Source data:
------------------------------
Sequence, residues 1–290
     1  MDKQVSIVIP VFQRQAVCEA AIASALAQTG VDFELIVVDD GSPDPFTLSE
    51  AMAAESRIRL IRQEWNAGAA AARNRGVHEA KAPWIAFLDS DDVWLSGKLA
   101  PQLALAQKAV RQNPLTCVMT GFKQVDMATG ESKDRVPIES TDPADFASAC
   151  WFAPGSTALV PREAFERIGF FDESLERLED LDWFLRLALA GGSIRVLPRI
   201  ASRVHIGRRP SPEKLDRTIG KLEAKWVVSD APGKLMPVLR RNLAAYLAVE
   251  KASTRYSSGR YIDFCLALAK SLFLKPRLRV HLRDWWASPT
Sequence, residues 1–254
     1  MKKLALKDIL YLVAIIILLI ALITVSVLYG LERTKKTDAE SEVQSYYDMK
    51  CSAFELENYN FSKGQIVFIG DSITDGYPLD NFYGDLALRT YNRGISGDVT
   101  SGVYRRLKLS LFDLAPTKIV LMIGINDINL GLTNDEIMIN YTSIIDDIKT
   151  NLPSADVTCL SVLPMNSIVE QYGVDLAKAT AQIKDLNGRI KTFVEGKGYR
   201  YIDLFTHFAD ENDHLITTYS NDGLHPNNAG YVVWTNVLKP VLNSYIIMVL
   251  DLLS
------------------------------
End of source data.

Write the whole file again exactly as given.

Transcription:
Sequence, residues 1–290
     1  MDKQVSIVIP VFQRQAVCEA AIASALAQTG VDFELIVVDD GSPDPFTLSE
    51  AMAAESRIRL IRQEWNAGAA AARNRGVHEA KAPWIAFLDS DDVWLSGKLA
   101  PQLALAQKAV RQNPLTCVMT GFKQVDMATG ESKDRVPIES TDPADFASAC
   151  WFAPGSTALV PREAFERIGF FDESLERLED LDWFLRLALA GGSIRVLPRI
   201  ASRVHIGRRP SPEKLDRTIG KLEAKWVVSD APGKLMPVLR RNLAAYLAVE
   251  KASTRYSSGR YIDFCLALAK SLFLKPRLRV HLRDWWASPT
Sequence, residues 1–254
     1  MKKLALKDIL YLVAIIILLI ALITVSVLYG LERTKKTDAE SEVQSYYDMK
    51  CSAFELENYN FSKGQIVFIG DSITDGYPLD NFYGDLALRT YNRGISGDVT
   101  SGVYRRLKLS LFDLAPTKIV LMIGINDINL GLTNDEIMIN YTSIIDDIKT
   151  NLPSADVTCL SVLPMNSIVE QYGVDLAKAT AQIKDLNGRI KTFVEGKGYR
   201  YIDLFTHFAD ENDHLITTYS NDGLHPNNAG YVVWTNVLKP VLNSYIIMVL
   251  DLLS